A Theoretical Mathematical Model to Estimate Blood Volume in Clinical Practice.
Perioperative intravenous (IV) fluid management is controversial. Fluid therapy is guided by inaccurate algorithms and changes in the patient's vital signs that are nonspecific for changes to the patient's blood volume (BV). Anesthetic agents, patient comorbidities, and surgical techniques interact and further confound clinical assessment of volume status. Through adaptation of existing acute normovolemic hemodilution algorithms, it may be possible to predict patient's BV by measuring hematocrit (HcT) before and after hemodilution. Our proposed mathematical model requires the following four data points to estimate a patient's total BV: ideal BV, baseline HcT, a known fluid bolus (FB), and a second HcT following the FB. To test our method, we obtained 10 ideal and 10 actual subject BV data measures from 9 unique subjects derived from a commercially used Food and Drug Administration-approved, semi-automated, BV analyzer. With these data, we calculated the theoretical BV change following a FB. Using the four required data points, we predicted BVs (BVp) and compared our predictions with the actual BV (BVa) measures provided by the data set. The BVp calculated using our model highly correlated with the BVa provided by the BV analyzer data set (df = 8, r = .99). Our calculations suggest that, with accurate HcT measurement, this method shows promise for the identification of abnormal BV states such as hyper- and hypovolemia and may prove to be a reliable method for titrating IV fluid.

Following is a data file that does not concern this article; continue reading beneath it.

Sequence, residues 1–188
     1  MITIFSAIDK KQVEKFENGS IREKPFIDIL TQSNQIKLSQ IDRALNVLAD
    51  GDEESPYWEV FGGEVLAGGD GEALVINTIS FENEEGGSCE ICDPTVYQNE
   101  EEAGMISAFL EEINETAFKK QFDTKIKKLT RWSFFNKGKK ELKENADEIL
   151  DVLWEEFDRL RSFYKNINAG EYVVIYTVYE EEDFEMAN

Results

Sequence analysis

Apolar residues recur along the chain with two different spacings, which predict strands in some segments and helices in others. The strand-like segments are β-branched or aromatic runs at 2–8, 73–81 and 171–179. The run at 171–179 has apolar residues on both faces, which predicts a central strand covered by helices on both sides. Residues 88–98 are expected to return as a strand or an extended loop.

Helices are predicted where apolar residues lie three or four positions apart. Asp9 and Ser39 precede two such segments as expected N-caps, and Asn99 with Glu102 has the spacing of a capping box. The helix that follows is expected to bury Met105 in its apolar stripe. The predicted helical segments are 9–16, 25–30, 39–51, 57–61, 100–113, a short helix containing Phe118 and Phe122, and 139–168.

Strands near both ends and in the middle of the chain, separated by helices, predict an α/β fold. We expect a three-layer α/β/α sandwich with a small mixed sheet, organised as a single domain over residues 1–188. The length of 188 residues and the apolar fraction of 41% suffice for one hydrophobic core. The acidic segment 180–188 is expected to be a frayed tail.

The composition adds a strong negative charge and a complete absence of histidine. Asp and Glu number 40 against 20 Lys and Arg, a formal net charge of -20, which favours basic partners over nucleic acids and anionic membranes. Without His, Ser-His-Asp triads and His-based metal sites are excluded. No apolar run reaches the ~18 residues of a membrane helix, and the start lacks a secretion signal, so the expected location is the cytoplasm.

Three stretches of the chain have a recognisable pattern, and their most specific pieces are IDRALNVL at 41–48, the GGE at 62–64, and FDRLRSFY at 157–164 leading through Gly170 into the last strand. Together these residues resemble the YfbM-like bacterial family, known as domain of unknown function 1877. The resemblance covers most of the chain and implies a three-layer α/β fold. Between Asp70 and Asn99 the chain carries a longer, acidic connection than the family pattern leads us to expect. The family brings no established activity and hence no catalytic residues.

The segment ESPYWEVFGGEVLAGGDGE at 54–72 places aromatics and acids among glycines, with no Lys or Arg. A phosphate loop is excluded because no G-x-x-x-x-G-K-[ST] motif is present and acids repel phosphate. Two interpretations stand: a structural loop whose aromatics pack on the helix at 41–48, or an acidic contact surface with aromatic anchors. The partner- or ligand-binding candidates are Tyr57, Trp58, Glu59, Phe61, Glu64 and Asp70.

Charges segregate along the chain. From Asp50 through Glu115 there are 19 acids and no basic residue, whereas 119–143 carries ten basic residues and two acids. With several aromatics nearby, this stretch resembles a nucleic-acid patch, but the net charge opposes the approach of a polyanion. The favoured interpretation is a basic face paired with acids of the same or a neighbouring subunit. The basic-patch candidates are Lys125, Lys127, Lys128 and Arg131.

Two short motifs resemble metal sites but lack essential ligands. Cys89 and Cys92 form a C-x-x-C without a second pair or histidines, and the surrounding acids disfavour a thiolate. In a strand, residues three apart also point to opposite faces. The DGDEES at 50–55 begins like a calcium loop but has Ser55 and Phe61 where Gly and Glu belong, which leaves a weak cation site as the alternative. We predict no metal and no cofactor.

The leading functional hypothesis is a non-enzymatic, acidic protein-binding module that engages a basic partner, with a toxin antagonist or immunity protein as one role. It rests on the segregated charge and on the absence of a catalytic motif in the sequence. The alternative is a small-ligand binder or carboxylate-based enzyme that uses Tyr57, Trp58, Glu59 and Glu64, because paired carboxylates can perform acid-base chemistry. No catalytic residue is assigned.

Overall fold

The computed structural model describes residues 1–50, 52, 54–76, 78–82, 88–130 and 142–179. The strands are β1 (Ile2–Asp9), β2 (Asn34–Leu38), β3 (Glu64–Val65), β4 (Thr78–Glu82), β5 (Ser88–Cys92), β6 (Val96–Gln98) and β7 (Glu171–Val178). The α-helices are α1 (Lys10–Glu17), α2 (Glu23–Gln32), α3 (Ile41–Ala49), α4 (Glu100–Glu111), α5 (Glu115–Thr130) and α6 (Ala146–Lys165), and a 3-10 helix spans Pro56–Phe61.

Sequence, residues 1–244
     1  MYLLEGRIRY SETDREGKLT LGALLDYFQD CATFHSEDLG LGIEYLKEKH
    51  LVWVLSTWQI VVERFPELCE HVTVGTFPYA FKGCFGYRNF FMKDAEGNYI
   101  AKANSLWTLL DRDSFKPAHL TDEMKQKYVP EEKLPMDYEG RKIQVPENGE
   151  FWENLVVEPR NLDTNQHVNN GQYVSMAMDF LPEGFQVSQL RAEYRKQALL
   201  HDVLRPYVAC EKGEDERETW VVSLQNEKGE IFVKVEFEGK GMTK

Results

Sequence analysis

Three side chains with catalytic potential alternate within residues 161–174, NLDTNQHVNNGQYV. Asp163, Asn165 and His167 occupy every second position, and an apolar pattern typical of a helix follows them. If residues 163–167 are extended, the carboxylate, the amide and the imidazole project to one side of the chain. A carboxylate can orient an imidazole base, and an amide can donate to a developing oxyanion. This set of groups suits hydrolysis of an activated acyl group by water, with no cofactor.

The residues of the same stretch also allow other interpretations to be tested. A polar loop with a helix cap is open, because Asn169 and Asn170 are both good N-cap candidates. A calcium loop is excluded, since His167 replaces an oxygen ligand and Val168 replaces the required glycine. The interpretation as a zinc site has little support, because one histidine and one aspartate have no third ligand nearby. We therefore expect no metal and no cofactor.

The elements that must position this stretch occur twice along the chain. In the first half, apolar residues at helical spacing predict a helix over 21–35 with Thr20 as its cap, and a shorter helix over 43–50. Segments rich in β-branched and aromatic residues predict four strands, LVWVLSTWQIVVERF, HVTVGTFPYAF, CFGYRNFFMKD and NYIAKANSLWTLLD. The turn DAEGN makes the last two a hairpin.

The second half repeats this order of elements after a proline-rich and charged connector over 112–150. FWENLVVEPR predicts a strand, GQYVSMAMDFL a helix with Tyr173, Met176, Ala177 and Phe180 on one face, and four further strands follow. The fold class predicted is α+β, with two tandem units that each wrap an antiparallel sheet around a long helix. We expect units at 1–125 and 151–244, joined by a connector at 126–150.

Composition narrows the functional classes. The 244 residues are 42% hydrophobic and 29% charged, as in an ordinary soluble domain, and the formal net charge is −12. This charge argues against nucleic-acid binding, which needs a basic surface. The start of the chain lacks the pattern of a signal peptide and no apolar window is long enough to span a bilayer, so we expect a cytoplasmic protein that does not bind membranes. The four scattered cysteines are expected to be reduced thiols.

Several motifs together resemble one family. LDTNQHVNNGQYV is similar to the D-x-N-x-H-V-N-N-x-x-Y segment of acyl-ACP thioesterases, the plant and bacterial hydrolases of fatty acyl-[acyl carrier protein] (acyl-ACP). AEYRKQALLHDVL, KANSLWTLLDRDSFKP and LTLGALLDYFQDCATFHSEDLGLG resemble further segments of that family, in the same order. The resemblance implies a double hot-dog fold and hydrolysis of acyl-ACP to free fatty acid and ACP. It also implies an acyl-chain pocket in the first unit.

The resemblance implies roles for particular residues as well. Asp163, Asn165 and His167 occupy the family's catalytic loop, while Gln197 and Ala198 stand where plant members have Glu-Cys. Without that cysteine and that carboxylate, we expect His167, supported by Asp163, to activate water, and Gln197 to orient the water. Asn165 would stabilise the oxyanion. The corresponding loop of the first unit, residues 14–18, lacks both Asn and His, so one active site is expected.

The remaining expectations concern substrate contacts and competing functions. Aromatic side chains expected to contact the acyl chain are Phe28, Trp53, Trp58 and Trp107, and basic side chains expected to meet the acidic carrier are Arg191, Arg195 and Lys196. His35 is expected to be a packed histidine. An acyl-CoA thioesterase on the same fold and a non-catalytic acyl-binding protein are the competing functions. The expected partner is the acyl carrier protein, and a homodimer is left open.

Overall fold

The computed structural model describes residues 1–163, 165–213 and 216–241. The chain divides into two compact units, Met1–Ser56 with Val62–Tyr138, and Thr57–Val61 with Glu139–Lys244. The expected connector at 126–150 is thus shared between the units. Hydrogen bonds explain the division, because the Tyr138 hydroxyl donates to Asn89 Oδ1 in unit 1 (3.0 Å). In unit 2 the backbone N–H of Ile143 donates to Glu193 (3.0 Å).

D'Angelo, M; Hodgen, RK; Wofford, K; Vacchiano, C
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